I don’t watch professional football much and the statistics are alarming. Spouses of the players should not put up with their husbands repeatedly bashing their brains out. However, most football players have loads of dough so I think the financial calculations play a large part in this “stand by your man” nonsense: http://www.sandiegouniontribune.com/opinion/the-conversation/sd-cte-study-in-nfl-brains-20170725-htmlstory.html
I hate football. I don’t watch it and I encourage all my mom friends to not let their sons play.
But this whole idea of “wives should not let their husbands play it” has me falling off my chair laughing. I can’t get my husband to do anything that he doesn’t want to do — my friends can’t get their husbands to do anything they don’t want to do. Their are only about a dozen or so sayings out there around the concept that men are incapable of change. After many years of marriage, I have learned that these old adages are true. Now, factor in that your husband makes millions of dollars playing football, his ultimate dream? Of course he’s not going to stop — unless HE wants to.
So, as wives, we only have one choice, and that is whether to stay with our husbands or leave our husbands. I am sure there are lots of gold diggers out there who were trolling for rich football player husbands, but there are also many who were with their husbands before they were stars and/or genuinely love their husbands. I think I can see their mindset a bit. If I love my husband, do I give that up because he plays a harmful sport? Do I not have children with the man I love even though he will die before it is his time? No, I won’t condemn these women. Similarly, I don’t condemn my friends who are having children late into their lives. Two of my friends just adopted a son at 50 years old, and this kid is the light of their lives. He will be loved and cherished. Good for my friends. They deserve this happiness, even if their son likely will be younger than his peers when his parents die.
There, not their. Ack.
Well Sparty, there’s always my favorite adage about husbands and wives: “You’re Perfect! I love you! Now change.”
There are other ways. . .
Care to extrapolate that “What? No, you don’t!” to other dangerous professions?
Police, firefighters, military personnel, aircraft test pilots, fireworks manufacturing, road construction, hazardous waste disposal, drug dealers, prostitution, car racing, motorcycle racing, etc, etc. etc…
Doesn’t this fit reasonably well in the realm of the Julie Principle?
Not quite the same thing, is it? Police, military and fire fighting is a public service in which one is engaging in societally crucial roles at great personal sacrifice. Playing football is not societally crucial. Meanwhile, divorce rates for police and firefighters are much higher that for the rest of the public—for exactly the reason I referenced. Wives and families have choices. “I have no choice” is a rationalization.
Also, if there was a study that showed that 99% of cops and firefighters would be eventually killed by their work, the comparison would be closer. Similarly, the police and firefighters I have known would not say that they do their jobs primarily because “it’s what they love.”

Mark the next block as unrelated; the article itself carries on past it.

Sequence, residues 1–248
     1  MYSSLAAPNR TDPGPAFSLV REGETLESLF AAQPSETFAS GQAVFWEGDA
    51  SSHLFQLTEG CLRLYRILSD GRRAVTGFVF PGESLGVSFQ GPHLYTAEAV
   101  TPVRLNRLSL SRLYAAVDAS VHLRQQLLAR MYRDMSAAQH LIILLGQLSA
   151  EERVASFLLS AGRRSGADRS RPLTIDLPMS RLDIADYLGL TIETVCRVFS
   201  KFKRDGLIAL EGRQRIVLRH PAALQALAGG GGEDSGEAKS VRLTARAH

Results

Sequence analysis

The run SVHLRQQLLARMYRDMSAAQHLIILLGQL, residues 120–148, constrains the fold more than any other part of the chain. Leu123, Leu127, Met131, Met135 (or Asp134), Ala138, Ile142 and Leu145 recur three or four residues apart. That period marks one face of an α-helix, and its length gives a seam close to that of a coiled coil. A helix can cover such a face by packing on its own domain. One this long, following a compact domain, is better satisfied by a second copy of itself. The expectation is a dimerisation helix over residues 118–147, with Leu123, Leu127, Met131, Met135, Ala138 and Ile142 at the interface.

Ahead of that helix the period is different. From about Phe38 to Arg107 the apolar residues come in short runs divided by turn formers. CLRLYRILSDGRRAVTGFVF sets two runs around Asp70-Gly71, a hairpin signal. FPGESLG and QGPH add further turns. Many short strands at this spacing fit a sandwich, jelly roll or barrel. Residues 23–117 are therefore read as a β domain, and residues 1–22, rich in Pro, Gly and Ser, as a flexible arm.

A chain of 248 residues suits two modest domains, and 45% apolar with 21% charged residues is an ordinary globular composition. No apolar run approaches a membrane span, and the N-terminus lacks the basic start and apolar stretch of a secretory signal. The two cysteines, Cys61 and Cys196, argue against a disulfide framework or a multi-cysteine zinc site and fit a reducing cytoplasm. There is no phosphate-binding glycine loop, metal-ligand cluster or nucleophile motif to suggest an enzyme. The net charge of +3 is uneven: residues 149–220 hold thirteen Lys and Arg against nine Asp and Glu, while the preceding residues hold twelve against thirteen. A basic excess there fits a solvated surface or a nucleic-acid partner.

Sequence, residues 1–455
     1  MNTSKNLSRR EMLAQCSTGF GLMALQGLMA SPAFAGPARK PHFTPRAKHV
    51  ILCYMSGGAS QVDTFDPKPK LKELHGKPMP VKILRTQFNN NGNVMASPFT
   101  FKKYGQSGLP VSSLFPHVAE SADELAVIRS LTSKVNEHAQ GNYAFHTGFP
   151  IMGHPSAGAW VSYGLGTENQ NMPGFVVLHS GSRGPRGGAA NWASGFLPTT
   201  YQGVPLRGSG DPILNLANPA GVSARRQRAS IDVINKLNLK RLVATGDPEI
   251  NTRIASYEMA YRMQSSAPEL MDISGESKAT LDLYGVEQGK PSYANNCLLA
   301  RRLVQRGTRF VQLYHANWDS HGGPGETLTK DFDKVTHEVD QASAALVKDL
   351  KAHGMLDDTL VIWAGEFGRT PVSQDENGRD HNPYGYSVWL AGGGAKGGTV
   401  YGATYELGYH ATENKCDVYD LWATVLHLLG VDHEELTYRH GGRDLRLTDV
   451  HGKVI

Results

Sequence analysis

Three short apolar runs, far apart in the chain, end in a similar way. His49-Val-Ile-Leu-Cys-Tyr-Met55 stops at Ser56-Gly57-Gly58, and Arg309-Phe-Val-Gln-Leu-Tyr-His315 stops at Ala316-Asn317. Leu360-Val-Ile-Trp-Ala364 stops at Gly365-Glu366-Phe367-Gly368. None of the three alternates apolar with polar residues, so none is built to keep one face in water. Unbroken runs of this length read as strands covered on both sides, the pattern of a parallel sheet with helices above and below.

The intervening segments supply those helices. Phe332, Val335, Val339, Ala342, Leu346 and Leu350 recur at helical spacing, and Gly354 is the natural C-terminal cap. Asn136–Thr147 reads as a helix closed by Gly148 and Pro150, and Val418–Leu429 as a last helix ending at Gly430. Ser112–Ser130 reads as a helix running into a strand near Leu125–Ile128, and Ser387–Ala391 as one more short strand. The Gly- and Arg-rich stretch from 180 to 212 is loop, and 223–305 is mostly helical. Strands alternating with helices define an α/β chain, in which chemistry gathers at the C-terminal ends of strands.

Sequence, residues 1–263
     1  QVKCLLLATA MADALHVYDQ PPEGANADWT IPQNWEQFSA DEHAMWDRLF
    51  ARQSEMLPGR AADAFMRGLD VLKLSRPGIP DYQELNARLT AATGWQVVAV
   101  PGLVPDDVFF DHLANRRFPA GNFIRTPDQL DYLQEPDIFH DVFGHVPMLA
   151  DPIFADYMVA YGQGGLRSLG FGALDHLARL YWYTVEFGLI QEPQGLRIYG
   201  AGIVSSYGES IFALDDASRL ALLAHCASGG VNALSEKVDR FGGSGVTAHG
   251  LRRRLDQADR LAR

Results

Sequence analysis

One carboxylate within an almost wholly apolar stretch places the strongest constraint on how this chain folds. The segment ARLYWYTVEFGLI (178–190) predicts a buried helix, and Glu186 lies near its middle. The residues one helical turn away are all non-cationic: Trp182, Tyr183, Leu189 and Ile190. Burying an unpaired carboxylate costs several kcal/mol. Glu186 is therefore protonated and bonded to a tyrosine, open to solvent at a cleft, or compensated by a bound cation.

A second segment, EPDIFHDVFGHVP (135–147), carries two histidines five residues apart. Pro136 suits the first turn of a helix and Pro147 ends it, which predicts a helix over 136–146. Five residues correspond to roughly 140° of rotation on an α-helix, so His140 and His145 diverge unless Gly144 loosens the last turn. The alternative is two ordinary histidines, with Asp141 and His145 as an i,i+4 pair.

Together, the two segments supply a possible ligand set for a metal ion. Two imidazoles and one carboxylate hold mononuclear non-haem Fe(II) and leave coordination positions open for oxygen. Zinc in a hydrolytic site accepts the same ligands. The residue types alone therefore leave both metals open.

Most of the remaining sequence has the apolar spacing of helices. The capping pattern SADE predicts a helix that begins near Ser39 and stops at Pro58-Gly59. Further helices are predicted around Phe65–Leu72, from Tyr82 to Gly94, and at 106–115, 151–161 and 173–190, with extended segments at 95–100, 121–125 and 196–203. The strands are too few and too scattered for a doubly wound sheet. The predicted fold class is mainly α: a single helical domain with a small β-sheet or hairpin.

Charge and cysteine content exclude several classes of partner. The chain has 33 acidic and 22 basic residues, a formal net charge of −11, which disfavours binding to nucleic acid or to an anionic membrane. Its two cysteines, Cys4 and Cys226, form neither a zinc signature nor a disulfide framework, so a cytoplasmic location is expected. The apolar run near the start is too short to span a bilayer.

Sure Jack all that’s true and I agree with the core of your blog post; however, the rationalization “It’s scary to think about the future and the ‘what ifs’ … if it’s what he loves, I have to support it.” is exactly the same regardless of who says it in regards to a dangerous profession of their spouse; isn’t the rationalization what makes the quote unethical and isn’t that that what the focus was on? 😉
P.S. Football gets absolutely no support from me, not one dime, no acceptance what so ever, no applying the Julie Principle to those who participate, I don’t watch it at any level, I even try my best avoid sports bars that have it on their TV’s, nothing.
“Playing football is not societally crucial.”
Thems fightin’ words, Jack!
Seriously, though, I do believe this sport thrives for the same reason reality TV and soap operas do: once fundamental needs are covered (air, water, food, shelter, in that order) most people need circuses to distract them from their lives.
The Romans provided a minimal level of sustenance (bread) and blood sports for the circus. It worked for centuries.
I agree with all of that, and sport is theater: it’s important. But police, the military and fire personnel are there to save lives, which comes before entertainment on the priority list. Entertainment that kills people is waaaaay down the list.
Which ones of those professions involve a rediculus rate of losing lucidity? Those jobs mostly place the body in jeopardy, not the mind.
If you consider death rates, perception is wrong. Humans are bad at estimating low risk events. We tend to think of specific jobs you listed as dangerous, but all of those jobs are getting safer. If you drive a car to work with a long commute and someone doing one of those jobs takes mass transit, you have the more dangerous job.
The suicide rate in our military is pretty alarming. I would think twice before dating a soldier for that reason.
Maybe the answer is to let the man know how you feel — with graphic evidence — and when the response is “but this is what I want to do (play/watch),” tell him you’re going to focus on the kids with age-appropriate reasons the same way you would with any other unsafe endeavor (or support of such). If he objects to that and to withholding encouragement for the dangerous game, then you pick up the cast-iron skillet using both ha…. and finish making dinner before asking him if he thinks both of you should reconsider getting married after all.